France is returning the remains of 24 members of Algeria’s resistance movement who were killed in the 19th century. One of the leaders whose remains are to be returned is Sheikh Bouzian, who was captured in 1849 by the French, shot and decapitated. © Ali Farid Belkadi
Algerian President Abdelmadjid Tebboune on Thursday said France will return the remains of 24 resistance fighters who were killed during its colonisation of the North African country.
“Within a few hours Algerian military planes will fly in from France and land at the Houari Boumediene international airport with the remains of 24 (members) of the popular resistance,” Tebboune said during a military ceremony.
Tebboune said some of the remains belonged to “leaders” of the resistance movement who were killed in the 19th century fighting against France which occupied and ruled Algeria for 132 years.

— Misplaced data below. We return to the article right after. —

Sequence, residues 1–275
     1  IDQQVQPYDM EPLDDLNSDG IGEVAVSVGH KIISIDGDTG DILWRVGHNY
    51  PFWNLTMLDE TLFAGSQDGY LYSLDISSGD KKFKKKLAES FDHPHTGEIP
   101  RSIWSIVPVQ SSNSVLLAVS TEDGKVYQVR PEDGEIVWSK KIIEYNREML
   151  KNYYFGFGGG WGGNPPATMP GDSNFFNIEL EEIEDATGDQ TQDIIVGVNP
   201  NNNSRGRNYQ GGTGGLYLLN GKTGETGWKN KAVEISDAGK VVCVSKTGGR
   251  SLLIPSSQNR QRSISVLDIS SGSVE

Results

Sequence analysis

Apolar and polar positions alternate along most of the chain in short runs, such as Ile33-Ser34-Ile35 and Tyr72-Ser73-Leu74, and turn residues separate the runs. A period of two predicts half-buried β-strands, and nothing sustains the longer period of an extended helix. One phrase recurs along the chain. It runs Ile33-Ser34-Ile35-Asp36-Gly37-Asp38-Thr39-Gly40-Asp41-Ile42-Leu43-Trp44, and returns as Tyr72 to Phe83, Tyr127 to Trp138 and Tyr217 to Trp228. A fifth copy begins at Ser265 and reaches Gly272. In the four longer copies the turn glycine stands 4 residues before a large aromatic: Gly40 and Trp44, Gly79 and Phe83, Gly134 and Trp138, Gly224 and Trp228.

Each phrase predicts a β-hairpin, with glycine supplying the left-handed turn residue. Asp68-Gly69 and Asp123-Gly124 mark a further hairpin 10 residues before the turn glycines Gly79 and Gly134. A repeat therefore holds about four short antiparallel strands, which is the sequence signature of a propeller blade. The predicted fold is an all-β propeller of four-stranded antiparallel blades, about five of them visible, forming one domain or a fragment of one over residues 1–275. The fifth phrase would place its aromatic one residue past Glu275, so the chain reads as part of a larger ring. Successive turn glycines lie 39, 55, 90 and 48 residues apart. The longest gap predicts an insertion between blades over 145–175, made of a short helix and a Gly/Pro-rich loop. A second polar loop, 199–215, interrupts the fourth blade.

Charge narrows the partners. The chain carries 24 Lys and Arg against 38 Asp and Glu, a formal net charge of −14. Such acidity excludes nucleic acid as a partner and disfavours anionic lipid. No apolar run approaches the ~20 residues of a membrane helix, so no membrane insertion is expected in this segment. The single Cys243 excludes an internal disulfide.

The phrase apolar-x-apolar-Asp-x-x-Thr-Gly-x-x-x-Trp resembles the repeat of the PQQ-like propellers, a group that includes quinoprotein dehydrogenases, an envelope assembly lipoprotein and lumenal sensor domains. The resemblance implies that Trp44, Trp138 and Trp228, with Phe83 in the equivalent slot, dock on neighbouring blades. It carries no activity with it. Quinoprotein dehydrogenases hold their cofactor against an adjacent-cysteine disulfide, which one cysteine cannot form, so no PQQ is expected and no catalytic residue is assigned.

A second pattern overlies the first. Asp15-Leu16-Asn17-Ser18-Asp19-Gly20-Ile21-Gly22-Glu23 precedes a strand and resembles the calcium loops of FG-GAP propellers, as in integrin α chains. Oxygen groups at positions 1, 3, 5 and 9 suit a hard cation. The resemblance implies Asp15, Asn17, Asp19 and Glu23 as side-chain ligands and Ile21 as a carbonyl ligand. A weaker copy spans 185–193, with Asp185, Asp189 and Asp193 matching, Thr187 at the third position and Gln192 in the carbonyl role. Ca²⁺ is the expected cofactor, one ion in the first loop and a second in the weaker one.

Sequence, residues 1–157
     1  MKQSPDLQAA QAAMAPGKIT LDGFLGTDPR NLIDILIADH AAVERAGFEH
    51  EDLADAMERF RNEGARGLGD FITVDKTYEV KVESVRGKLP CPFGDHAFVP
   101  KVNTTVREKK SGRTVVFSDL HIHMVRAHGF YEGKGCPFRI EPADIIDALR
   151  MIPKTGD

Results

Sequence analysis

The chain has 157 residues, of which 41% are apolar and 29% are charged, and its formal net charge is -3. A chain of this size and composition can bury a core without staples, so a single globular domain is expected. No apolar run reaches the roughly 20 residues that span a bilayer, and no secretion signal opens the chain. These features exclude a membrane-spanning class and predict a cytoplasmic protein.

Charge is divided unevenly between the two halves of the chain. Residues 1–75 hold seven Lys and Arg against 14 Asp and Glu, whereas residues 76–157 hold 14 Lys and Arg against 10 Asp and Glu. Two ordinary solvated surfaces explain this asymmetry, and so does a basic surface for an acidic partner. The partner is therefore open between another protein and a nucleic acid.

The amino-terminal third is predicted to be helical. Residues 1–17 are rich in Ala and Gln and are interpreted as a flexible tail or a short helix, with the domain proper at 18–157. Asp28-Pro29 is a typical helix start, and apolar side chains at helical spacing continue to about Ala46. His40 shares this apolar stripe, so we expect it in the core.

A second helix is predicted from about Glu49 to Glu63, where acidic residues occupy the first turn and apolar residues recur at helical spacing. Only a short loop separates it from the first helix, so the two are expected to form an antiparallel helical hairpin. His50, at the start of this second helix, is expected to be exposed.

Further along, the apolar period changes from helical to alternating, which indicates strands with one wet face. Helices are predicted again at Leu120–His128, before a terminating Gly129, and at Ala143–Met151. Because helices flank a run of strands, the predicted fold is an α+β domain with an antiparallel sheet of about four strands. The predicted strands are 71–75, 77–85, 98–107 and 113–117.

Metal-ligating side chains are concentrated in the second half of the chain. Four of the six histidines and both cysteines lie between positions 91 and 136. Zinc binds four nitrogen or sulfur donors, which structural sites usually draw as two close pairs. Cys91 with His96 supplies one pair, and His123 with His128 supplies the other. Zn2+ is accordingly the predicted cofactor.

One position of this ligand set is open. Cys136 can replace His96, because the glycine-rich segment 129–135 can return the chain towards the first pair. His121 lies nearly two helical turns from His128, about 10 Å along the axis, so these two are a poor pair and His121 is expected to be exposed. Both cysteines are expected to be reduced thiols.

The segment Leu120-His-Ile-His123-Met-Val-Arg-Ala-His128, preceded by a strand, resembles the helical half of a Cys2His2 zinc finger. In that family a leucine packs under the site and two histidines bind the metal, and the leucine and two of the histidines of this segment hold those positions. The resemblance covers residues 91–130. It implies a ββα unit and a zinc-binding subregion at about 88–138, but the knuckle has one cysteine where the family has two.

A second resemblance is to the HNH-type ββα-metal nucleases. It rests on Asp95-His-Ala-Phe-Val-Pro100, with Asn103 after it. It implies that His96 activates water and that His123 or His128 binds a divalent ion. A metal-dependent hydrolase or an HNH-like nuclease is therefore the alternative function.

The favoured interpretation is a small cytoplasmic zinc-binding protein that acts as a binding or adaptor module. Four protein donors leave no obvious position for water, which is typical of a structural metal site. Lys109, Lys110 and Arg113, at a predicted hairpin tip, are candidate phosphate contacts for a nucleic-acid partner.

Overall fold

In his speech, Tebboune said these resistance fighters “had been deprived of their natural and human right to be buried for more than 170 years”.
One of the leaders whose remains are to be returned is Sheikh Bouzian, who was captured in 1849 by the French, shot and decapitated.
The remains of two other key figures of the resistance—Bou Amar Ben Kedida and Si Mokhtar Ben Kouider Al Titraoui—are also among those expected back in Algeria. The country won independence from France in 1962 after eight years of bitter war that left some 1.5 million Algerians dead.
Emmanuel Macron, the first French president to be born after the war, made his first official visit to Algeria in December 2017, announcing that he came as a “friend” despite France’s historically prickly ties with its former colony.
At the time he told news website Tout sur l’Algerie that he was “ready” to see his country hand back the skulls of Algerian resistance fighters. Algerian and French academics have long campaigned for the return of 37 skulls held at the Musee de l’Homme in Paris.
In December 2019, Macron said that “colonialism was a grave mistake” and called for turning the page on the past. During his presidential election campaign Macron had created a storm by calling France’s colonisation of Algeria a “crime against humanity”.